Diversity births innovation of form, ideas, things, and institutions, so says the Webster dictionary. This is a truth. To exclude on the basis of the color of one’s skin and/or culture is dangerous. It leads to ominous, violent things: Japanese being hauled off to concentration camps. Jewish people being killed. Muslim temples being burned. Black men being lynched. Hispanics being told to cross back over the border. Unarmed African Americans being killed at alarming rates. It is dangerous to exclude.
As the Beatles sang in 1969, we must all come together and demand that inclusive policies are in place in all of our institutions. Businesses, universities, government agencies, and institutions must have actionable diverse plans in place that are reviewed yearly for effectiveness. And when a problem arises, we must sit down at the table together and talk to each other. We can work it out and move the country forward.
You, too, reading this post must do your part. Stop and look around the room in which you inhabit. Check the hierarchy of your place of work or study to determine what inclusion action plan is in place. Question it. Talk to leaders in the organization.
I have looked around the room in which I inhabit. I’m a MFA Playwriting Fellow at the University of California, which has a great ranking as far as diversity goes. But as the Chancellor noted in his email announcing an up-coming Diversity Summit, there is still room to grow. I love California and the UC System, having graduated from UCLA. I love the diversity in my state, although there is so much room to grow to make sure that all California citizens feel that they belong in the room, that we are included, and that our ideas are valued and respected.
If there are no African Americans, Hispanics, Asian, Arabic, and other people of color in the room that you inhabit, then there’s a problem. If they’re in the room, but don’t feel supported, valued, and safe to voice their opinions, there is a problem. And it’s not, necessarily, the problem of the Person of Color unless, of course, the person of color is in a leadership position and not doing their part to bring other people of color into the organization. That’s another conversation that I will address in another Open Letter. Blacks, especially those in Hollywood in high places, shouldn’t complain if they don’t anything to help other Blacks.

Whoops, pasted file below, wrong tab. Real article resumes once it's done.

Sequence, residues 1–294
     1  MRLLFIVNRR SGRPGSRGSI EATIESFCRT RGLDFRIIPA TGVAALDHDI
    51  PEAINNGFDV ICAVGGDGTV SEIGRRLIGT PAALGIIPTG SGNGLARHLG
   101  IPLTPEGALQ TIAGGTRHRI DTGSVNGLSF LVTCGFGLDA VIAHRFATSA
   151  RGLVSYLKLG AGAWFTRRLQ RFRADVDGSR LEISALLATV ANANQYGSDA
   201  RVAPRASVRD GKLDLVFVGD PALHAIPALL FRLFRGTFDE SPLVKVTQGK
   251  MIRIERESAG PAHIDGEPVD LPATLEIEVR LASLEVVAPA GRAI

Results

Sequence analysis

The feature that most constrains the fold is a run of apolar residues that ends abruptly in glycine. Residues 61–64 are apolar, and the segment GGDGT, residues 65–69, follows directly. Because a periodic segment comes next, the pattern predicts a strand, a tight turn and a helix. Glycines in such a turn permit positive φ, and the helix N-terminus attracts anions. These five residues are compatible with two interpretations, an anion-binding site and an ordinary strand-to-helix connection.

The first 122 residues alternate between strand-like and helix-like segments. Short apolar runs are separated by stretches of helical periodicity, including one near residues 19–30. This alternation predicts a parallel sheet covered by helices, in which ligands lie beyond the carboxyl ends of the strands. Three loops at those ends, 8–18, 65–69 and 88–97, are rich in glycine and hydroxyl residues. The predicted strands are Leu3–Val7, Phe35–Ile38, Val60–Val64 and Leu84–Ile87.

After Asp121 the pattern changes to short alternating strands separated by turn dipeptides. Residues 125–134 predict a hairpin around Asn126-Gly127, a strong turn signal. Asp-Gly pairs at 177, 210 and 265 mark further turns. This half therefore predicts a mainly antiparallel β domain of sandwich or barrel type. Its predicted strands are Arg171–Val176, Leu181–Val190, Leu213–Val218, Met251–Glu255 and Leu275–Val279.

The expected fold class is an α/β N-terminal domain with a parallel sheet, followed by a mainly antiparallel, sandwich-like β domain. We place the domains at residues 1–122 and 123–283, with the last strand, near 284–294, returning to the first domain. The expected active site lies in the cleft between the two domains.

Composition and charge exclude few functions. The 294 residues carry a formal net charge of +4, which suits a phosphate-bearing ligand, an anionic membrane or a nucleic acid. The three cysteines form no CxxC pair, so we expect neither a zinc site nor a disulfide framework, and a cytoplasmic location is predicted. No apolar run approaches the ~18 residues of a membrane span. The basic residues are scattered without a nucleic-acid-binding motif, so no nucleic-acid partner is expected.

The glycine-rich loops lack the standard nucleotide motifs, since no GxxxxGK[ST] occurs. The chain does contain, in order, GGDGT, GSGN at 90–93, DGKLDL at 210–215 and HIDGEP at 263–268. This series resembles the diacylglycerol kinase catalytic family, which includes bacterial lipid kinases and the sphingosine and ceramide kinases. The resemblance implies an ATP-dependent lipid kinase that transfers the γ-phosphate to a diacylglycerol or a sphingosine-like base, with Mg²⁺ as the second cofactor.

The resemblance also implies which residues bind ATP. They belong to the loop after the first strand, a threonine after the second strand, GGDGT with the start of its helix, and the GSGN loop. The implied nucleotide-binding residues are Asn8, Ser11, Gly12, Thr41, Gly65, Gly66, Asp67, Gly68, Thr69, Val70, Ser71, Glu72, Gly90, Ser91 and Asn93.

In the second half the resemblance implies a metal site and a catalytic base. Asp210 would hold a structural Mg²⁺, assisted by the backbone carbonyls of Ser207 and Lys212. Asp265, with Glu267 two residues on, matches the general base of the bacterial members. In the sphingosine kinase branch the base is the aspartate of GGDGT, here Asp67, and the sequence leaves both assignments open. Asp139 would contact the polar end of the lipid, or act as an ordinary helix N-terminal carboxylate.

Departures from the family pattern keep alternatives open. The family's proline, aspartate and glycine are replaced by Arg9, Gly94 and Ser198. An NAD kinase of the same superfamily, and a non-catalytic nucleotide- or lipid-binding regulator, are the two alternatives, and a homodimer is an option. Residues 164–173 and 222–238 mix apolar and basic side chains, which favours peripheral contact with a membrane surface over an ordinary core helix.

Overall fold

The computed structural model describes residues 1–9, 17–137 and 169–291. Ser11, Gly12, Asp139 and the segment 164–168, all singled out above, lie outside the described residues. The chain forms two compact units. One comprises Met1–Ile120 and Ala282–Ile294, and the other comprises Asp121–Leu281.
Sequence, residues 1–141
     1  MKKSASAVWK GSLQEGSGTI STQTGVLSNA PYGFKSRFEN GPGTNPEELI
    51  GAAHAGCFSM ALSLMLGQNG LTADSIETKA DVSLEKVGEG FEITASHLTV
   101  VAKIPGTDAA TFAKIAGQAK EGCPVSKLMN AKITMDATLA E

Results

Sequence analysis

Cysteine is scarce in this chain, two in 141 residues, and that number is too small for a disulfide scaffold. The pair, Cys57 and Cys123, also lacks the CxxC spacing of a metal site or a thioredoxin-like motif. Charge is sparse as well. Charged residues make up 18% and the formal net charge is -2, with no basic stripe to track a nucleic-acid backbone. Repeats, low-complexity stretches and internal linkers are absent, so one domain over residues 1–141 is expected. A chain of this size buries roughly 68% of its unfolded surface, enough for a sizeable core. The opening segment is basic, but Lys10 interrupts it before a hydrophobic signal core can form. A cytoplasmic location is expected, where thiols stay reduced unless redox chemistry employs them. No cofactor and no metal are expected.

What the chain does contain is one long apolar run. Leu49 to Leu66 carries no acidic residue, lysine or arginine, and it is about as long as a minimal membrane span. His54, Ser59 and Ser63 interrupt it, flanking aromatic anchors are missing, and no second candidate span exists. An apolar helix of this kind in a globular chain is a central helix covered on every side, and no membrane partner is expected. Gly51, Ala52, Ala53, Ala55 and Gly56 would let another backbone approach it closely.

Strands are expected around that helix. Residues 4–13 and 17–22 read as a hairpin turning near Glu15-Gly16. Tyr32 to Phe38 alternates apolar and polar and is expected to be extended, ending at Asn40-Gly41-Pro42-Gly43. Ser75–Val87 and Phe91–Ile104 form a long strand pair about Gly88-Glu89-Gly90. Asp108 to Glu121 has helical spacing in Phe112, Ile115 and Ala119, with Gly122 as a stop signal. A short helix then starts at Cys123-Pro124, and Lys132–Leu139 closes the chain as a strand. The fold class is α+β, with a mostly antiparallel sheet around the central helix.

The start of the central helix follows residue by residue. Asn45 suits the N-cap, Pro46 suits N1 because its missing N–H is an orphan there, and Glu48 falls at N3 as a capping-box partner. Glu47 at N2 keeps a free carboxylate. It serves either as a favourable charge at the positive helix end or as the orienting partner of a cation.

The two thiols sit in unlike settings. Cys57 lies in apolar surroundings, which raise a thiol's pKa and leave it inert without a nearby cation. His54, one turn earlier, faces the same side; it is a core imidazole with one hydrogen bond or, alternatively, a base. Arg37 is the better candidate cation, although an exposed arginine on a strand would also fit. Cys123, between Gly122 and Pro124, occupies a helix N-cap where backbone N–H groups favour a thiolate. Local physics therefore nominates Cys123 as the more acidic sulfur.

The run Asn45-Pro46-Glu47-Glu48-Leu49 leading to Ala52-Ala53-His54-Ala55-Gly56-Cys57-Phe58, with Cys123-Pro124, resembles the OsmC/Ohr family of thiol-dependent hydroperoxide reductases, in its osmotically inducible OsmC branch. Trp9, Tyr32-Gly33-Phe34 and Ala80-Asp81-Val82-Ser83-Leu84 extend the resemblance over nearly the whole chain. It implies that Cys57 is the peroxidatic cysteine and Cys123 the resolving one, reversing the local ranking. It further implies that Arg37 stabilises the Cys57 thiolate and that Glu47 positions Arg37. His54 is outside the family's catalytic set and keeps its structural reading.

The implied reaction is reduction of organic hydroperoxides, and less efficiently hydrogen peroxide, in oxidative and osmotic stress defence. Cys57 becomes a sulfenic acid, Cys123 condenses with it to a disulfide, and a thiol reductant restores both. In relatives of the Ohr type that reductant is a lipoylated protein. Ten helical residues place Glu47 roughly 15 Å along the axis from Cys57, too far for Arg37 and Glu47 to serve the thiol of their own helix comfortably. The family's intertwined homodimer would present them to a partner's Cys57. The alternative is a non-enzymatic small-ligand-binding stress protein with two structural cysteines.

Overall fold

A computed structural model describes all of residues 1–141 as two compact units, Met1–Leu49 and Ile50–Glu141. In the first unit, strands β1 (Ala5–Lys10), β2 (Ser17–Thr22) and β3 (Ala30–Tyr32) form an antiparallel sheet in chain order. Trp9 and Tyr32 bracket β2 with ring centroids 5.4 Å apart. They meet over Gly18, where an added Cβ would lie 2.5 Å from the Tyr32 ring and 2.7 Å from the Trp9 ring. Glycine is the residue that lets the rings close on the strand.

Another area that must be addressed is the erasure of African American history and the fact that the Immigration Department only asks those applying for Citizenship one question about our history in this country. Who is Martin Luther King? This is not enough. Many immigrants come from racially homogenous countries, and they have no information about African Americans except for what they see on TV, which is more reason to have diverse stories coming out of Hollywood. Immigrants must be taught to respect African Americans and acknowledge our difficult history in America.
We must all do our part to make sure we all feel included in our schools, institutions, and places of work. We all matter, and we must all be represented, at all levels, in all of America’s institutions. For America to be healthy, strong, and progressive, it must be committed to inclusion and making sure that everyone feels that they belong and are valued regardless of the color of their skin. Let’s make America a great country that includes all.